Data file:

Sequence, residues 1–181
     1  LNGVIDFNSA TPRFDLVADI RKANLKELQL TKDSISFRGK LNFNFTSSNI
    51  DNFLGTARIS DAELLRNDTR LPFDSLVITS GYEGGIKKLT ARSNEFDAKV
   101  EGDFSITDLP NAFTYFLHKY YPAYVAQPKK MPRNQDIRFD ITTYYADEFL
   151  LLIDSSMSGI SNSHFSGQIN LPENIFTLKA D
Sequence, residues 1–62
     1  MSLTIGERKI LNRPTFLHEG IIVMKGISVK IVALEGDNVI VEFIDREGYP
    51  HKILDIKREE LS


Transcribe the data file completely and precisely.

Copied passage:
Sequence, residues 1–181
     1  LNGVIDFNSA TPRFDLVADI RKANLKELQL TKDSISFRGK LNFNFTSSNI
    51  DNFLGTARIS DAELLRNDTR LPFDSLVITS GYEGGIKKLT ARSNEFDAKV
   101  EGDFSITDLP NAFTYFLHKY YPAYVAQPKK MPRNQDIRFD ITTYYADEFL
   151  LLIDSSMSGI SNSHFSGQIN LPENIFTLKA D
Sequence, residues 1–62
     1  MSLTIGERKI LNRPTFLHEG IIVMKGISVK IVALEGDNVI VEFIDREGYP
    51  HKILDIKREE LS